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22% of Cars May Be Producing Dangerous Excess Emissions

According to new Emissions Analytics research, approximately  22% of vehicles travelling the roads of the United Kingdom emit excessive levels of nitrogen oxides (NOx). The research revealed that every year, more or less 17,000 tonnes of NOx are released into the air. Of this number, 89% was emitted by 2009 to 2014 Euro 5 and 6 diesel vehicles. Regular emissions from cars regulated under Euro 5 and 6 are typically at 9,500 tonnes.

Before the Dieselgate scandal broke in the United States in 2015, diesel vehicles were preferred by more consumers because they were believed to be the environmentally safer and cleaner choice. Manufacturers marketed their diesel cars as better options than petrol vehicles because they had lower levels of carbon dioxide emissions. The emissions scandal that initially involved only Volkswagen significantly changed the way people looked at diesel vehicles.

Volkswagen was found to have installed defeat devices into their vehicles, which was why they reflected low NOx emissions. The cheat software is designed to detect lab tests so it can automatically lower emissions to legal – or below legal – limits. The device will reflect that the vehicle follows regulations and does not pose any threats to the car owners and the environment. In reality, when these vehicles are  driven on the road in real-world conditions, the NOx levels are extremely high.

The risks that come with using defeat devices is what constantly drives law firms and the car owners they represent to ask the government to strictly implement regulations on car manufacturers. As mentioned, the Dieselgate scandal involved Volkswagen, but the German manufacturer is not the only car brand alleged to have used the defeat devices. 

Other car manufacturers in the diesel emission scandal

As VW started dealing with the repercussions of using cheat software in their cars, the emissions scandal blew into bigger proportions. It moved from the U.S. to Europe and the UK, and more and more manufacturers were implicated in the scam. 

The Mercedes emissions scandal made headlines in February 2016 when owners of Mercedes-Benz diesel cars filed a class-action lawsuit against the carmaker. The legal action was in relation to suspicions that Mercedes fitted its vehicles with defeat devices. This started a chain of events that eventually led to the carmaker recalling their vehicles and paying various fines.

Other car manufacturers were and continue to be in the spotlight because of defeat devices include BMX, Ford, Vauxhall, Alfa Romeo, Renault, Suzuki, Jeep, Nissan, Citroën, Fiat, and Peugeot. Jaguar Land Rover may soon join the list as one of the law firms helping the over 40,000 affected car owners revealed that thousands upon thousands of Land Rover and Jaguar vehicles have defeat devices in them. 

Why are excess emissions dangerous?

Twenty-two per cent may be a small number for some, but when it comes to emissions, every number is big. Whether it’s 50% or 70%, vehicles that emit nitrogen oxides or NOx at high levels are a danger to the environment and to human health.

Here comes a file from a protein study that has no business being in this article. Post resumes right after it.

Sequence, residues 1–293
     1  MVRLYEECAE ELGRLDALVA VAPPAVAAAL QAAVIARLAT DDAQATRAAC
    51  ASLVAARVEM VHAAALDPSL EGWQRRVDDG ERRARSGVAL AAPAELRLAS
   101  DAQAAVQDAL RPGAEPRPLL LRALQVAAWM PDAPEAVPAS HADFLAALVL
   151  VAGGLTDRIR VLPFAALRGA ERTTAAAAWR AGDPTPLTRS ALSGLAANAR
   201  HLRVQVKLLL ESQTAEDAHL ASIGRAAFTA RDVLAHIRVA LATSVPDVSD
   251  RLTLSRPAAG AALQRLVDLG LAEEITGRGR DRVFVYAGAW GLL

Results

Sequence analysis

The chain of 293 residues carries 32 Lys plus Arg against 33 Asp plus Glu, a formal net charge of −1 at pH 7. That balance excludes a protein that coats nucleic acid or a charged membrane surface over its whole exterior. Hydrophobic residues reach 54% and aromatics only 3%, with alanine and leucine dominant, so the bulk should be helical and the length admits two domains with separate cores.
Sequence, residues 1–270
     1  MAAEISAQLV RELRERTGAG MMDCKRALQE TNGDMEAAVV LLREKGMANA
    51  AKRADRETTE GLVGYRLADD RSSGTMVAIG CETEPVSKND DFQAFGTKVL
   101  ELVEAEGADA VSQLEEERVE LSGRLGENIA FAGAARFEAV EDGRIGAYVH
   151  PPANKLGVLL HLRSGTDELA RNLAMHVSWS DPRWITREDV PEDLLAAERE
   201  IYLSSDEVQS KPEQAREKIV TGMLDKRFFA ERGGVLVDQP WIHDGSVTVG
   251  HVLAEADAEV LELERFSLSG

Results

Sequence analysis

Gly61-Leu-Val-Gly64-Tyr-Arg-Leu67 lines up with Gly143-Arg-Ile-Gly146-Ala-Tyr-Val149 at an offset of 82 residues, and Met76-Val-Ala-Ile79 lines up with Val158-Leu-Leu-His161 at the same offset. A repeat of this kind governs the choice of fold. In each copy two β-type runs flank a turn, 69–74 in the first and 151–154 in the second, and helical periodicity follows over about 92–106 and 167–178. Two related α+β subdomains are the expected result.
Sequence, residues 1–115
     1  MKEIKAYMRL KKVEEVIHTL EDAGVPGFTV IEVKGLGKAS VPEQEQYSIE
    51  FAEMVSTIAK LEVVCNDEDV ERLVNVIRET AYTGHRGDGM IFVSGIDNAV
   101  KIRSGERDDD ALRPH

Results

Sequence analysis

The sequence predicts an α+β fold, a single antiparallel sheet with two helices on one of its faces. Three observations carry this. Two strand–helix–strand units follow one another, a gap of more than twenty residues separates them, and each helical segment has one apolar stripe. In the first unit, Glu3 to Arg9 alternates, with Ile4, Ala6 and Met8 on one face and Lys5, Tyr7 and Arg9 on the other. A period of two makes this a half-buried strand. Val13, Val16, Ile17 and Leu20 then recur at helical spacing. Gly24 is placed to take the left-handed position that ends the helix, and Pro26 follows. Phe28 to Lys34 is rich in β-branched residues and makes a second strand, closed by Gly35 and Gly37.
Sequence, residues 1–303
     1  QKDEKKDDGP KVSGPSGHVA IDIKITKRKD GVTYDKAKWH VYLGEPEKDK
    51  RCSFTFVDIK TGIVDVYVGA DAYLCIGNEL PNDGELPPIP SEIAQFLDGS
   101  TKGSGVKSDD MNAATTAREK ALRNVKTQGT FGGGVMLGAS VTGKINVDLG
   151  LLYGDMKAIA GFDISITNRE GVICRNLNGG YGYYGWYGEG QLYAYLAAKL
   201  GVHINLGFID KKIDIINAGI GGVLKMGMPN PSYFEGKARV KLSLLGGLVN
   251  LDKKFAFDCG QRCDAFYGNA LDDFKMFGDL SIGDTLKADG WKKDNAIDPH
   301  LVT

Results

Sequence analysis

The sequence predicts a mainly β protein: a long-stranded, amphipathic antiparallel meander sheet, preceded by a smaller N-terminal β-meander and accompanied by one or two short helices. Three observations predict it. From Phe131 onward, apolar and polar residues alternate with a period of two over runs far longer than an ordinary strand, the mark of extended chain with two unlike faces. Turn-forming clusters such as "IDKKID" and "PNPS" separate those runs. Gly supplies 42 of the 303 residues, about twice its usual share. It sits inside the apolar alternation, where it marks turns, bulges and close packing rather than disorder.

NOx is a pollutant that contains nitric oxide (NO) and nitrogen dioxide (NO2), which are responsible for the formation of acid rain and smog. NOx also produces ground-level (tropospheric) ozone. Unlike stratospheric ozone that blocks ultraviolet rays from the sun, tropospheric ozone destroys the environment and has adverse effects on human health, such as throat irritation, breathing problems, chest pain, congestion, coughing, and worsened asthma and emphysema. 

Exposure to nitrogen oxides also exposes humans and the environment to particulate matter, specifically PM2.5. These fine particles can easily get into the lungs, which can lead to health issues like shortness of breath, sneezing, runny nose, coughing, and throat, nose, and eye irritation. In severe cases, PM2.5 can cause serious medical problems to those who already have heart disease and asthma. Long-term, regular exposure to PM2.5 affects lung function, chronic bronchitis, and increased hospital admissions and mortality. 

NOx also has damaging effects on ecosystems and vegetation. Plant growth is reduced and tree seedlings, commercial forest yields, and agricultural crops are exposed to pests and diseases.  

Nitrogen oxides’ health and environmental risks are the biggest reasons why law firms, environmental organisations, and car owners are urging the government to come up with stricter measures against car manufacturers using defeat devices.

How you can help lower excess emissions

If you think your vehicle is affected by the Dieselgate scandal, the first thing you should do is verify this with your manufacturer. Once confirmed that it’s fitted with a defeat device, find a team of experts who can help you file an emission compensation claim. The law gives you the right to claim compensation for what the car manufacturers put you through. 

Whether you need a Volkswagen or Mercedes diesel emissions claim, or whatever your car brand is, working with trained and experienced emissions experts will help you get through the challenging and tedious process. The team at Emissions.co.uk, for example, are dedicated to helping you every step of the way. Best of all, they offer a no-win, no-fee agreement.

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